I had been feeding the birds on a basic mixture of 40% plain canary, 40% white millet and 20% foreign finch mixture. In addition they were given a mixture of Japanese millet, panicum millet and canary condition seed every few days as a change. They were also given dried egg food (I use "Sluise Eggfood plus") and half a dozen mealworms every other day. I tried giving them green food in the form of spinach etc. in the hope that this would encourage the second pair to nest. Whilst they seemed to like everything else offered, neither pair would touch the green food. I have recently revised this diet following discussions with another member and switched to making the bulk of my mixed seed made up of Japanese and Panicum millet, with the emphasis being in offering them as much small seed as possible. The birds seem to have taken to this change quite readily so I assume that I am moving in the right direction.

At this point I had decided that the second pair were just not going to nest in a cage and I had virtually given up on them when the profile appeared in the Grassfinch which I read with great interest. In the profile Ron Pratt said that he thought a sandy floor was important in encouraging these birds to nest. I had given up using bird sand about two years before as I considered it too messy and didn’t really want to go back to this. So, with nothing to loose, I decided to try filling one of the larger type airline trays with sand in an attempt to contain the spread and placed it in the cage. The next day it was obvious that there had been a lot of activity in the sand. Two days after this they started roosting in the nest box and seven days later laid their first egg.

As soon as the second pair started laying it was time for the clutch of the first pair to hatch. About four days before they hatched I started giving dampened egg food daily in readiness. The first chick hatched OK and the second, but in the afternoon of the third day I came home to find all three chicks out on the floor of they cage. They had all been severely pecked, presumably by the cock. The two remaining eggs were clear. The same pattern occurred with the second pair with the exception that the two remaining eggs were placed under Bengalese. Within six days the first pair had started laying again, and again sat diligently on the eggs, but this time cock threw the chick out from day one. At this point I decided that all subsequent clutches would be placed under Bengalese.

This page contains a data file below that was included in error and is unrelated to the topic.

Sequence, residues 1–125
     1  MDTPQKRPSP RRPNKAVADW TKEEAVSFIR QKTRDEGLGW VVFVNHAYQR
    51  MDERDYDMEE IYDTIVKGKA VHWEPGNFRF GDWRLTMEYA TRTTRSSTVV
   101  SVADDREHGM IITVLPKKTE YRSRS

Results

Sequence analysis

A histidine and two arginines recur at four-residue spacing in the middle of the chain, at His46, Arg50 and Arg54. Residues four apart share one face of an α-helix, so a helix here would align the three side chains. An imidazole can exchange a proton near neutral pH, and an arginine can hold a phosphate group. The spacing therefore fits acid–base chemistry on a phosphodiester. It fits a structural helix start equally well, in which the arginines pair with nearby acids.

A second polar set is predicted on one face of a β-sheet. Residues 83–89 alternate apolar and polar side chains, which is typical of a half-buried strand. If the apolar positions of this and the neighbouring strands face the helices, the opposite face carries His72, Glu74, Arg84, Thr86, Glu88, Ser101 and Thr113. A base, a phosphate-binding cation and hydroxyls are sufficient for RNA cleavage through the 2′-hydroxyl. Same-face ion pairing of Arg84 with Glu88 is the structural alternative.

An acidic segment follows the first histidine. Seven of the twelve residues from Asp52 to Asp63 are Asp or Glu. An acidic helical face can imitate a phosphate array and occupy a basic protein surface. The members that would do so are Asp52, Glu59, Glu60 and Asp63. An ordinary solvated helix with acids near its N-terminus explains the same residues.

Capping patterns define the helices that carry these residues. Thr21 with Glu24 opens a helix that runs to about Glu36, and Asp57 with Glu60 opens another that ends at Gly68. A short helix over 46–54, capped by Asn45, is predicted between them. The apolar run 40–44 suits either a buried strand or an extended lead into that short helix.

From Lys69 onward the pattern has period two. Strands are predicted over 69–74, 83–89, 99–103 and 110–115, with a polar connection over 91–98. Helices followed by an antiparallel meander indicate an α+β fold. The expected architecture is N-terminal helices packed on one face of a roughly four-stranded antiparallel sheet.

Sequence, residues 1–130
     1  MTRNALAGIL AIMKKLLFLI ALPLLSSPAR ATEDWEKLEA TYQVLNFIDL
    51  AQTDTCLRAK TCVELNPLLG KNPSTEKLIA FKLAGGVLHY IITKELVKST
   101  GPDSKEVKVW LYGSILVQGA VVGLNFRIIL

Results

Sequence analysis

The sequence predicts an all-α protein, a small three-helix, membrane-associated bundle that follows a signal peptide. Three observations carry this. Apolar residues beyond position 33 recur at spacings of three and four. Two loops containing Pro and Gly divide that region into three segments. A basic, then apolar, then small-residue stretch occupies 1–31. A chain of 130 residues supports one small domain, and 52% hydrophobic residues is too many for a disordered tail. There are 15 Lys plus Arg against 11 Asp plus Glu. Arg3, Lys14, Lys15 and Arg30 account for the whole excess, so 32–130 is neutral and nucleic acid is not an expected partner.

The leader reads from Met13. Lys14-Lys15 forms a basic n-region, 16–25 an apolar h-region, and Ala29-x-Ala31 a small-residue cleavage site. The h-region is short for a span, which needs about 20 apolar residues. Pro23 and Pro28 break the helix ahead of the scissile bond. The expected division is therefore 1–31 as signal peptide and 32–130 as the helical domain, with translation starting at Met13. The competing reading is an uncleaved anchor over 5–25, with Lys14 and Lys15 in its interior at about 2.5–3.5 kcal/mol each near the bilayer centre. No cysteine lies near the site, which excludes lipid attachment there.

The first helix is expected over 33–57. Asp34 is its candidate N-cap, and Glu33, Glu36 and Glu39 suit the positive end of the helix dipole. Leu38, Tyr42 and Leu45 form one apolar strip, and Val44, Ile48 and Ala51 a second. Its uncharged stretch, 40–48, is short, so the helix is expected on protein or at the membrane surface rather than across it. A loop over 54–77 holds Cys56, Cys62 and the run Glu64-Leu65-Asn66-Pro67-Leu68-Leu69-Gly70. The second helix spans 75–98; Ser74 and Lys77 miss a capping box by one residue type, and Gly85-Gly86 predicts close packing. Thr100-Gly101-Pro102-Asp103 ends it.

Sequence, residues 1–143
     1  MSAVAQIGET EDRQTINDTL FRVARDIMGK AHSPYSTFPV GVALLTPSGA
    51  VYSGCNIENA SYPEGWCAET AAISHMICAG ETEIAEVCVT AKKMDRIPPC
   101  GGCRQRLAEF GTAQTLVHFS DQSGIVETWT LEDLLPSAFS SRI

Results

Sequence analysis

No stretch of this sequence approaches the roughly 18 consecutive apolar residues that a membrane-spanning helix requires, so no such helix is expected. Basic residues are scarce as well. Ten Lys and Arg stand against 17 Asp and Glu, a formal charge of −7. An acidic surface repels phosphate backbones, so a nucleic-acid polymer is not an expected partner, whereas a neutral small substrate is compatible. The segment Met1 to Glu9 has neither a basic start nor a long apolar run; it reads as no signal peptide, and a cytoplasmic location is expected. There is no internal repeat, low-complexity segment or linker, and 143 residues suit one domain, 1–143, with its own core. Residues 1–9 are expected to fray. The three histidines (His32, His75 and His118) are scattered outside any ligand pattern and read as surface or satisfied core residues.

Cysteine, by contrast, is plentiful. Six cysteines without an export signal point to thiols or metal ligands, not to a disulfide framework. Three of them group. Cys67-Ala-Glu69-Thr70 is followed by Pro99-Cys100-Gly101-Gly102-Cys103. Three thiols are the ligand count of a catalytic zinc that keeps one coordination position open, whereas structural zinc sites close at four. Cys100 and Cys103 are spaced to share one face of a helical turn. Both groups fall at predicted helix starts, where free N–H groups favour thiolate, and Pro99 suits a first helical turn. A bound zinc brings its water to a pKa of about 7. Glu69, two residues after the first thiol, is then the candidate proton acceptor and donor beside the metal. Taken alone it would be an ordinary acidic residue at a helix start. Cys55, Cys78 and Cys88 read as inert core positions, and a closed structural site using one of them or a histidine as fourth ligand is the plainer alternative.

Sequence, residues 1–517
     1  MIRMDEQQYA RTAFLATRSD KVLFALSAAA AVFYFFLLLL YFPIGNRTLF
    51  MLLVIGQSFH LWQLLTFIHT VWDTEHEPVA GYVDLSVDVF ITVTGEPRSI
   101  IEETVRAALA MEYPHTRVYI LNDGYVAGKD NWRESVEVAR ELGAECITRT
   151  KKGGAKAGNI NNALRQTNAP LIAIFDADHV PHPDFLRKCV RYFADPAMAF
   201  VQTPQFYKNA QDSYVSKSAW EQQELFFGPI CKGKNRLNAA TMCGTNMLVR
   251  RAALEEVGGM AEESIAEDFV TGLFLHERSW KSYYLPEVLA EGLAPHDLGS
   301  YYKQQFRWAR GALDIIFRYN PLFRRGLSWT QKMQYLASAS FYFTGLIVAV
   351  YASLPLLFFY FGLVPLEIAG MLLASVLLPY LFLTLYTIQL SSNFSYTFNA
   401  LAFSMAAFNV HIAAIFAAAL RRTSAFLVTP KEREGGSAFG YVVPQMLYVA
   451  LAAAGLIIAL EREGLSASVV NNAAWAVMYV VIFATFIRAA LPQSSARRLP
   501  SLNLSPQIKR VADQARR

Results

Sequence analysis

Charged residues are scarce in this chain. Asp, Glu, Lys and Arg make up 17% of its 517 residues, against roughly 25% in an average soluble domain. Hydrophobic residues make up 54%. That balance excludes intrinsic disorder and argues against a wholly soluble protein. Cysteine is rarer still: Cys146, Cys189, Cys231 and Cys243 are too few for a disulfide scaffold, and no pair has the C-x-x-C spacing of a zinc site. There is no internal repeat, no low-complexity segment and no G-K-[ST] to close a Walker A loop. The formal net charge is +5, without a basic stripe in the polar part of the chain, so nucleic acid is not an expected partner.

I had been warned by members I had spoken too that Bengalese are not interested in feeding painted chicks. I was also told that painted chicks leave the nest very early, sit on the floor not on perches, and do not return to the nest. The problem that this causes is that the Bengalese will roost in the nest over-night and therefore do not keep the chicks warm. Also, Bengalese like to feed chicks in the nest at this stage and are not happy to feed chicks on the ground. To alleviate this problem I lowered all the perches to 2 inches from the ground and closed the Bengalese out of the nest box. I did not remove the nest box as I didn’t want the Bengalese to loose interest in the whole idea. I found that they roosted on the perches near the ground with the painted chicks sitting happily underneath them. With subsequent nests I tried letting the Bengalese back into the nest box with no ill effect, and I have also found that some of the chicks will return to the nest, but not all. Therefore I continue to place the perches close to the ground to try to cover all the angles.